Of course, everyone thinks their money methods are great because they wouldn’t use them if they thought otherwise!
Now, I’m not saying anyone that I’ve linked to claims to have all the answers, because we aren’t and I wouldn’t promote people like that. My point is that we have the solution to our own debt problems and the formula we each used or are using to retire early.
Just like different parents can be great parents and also have differing styles, different money philosophies can be right because there are many people in many different situations with differing preferences. What matters is that the core goals are being met – controlling debt, investing more, and trying to achieve financial independence.
Let’s be straight, though – I’m not one to buy into the many sensitive philosophies my generation is known for. Not everyone deserves a trophy and not everyone is right…
…and some things are just downright financially dangerous.
The reason why so many children grow up to be decent people, even with different parenting philosophies, is because the vast majority of parents truly care about their children and want the best for them.
Even with thousands of years of biology telling us instinctually to protect our children, some people still completely F up their kids and do terrible things to them.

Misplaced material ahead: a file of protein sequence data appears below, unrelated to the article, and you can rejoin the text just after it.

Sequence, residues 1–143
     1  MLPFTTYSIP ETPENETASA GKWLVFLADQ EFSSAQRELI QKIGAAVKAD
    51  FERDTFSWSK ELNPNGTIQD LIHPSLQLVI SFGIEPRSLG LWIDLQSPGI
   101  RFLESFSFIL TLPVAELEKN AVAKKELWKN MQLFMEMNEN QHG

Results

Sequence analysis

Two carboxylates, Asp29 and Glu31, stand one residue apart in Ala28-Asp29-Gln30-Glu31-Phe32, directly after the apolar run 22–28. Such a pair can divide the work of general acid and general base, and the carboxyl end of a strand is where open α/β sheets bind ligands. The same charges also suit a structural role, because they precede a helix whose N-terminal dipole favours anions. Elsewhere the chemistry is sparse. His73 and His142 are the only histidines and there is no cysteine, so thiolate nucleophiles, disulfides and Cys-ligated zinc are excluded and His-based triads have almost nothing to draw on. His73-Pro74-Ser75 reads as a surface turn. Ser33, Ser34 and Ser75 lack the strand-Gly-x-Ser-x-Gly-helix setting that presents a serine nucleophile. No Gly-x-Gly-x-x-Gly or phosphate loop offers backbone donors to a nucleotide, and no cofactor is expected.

If some people can’t even take care of their kids, do you think everyone cares about your money?
That’s why there is no “parent figure” to tell us what is good or bad. That responsibility is on each of us – to seek out and find good financial and investing philosophies then apply them to our own lives.
Well, you don’t have to, but, you might find yourself on the floor with just your blanket.
Eric is an investor that achieved financial independence at the age of 30. He started in 2009 with the purchase of his first triplex and now owns over 470 units. He spends his time with his family, growing his businesses, diversifying his income, and teaching others how to achieve financial independence through real estate. Eric has been seen on Forbes, Trulia, WiseBread, TheStreet, and other financial publications.
I started out as a full-time student, over $60,000 in debt, and didn't even have a full-time job (two part-time jobs).
Learn the system I used to create a 6-figure passive income.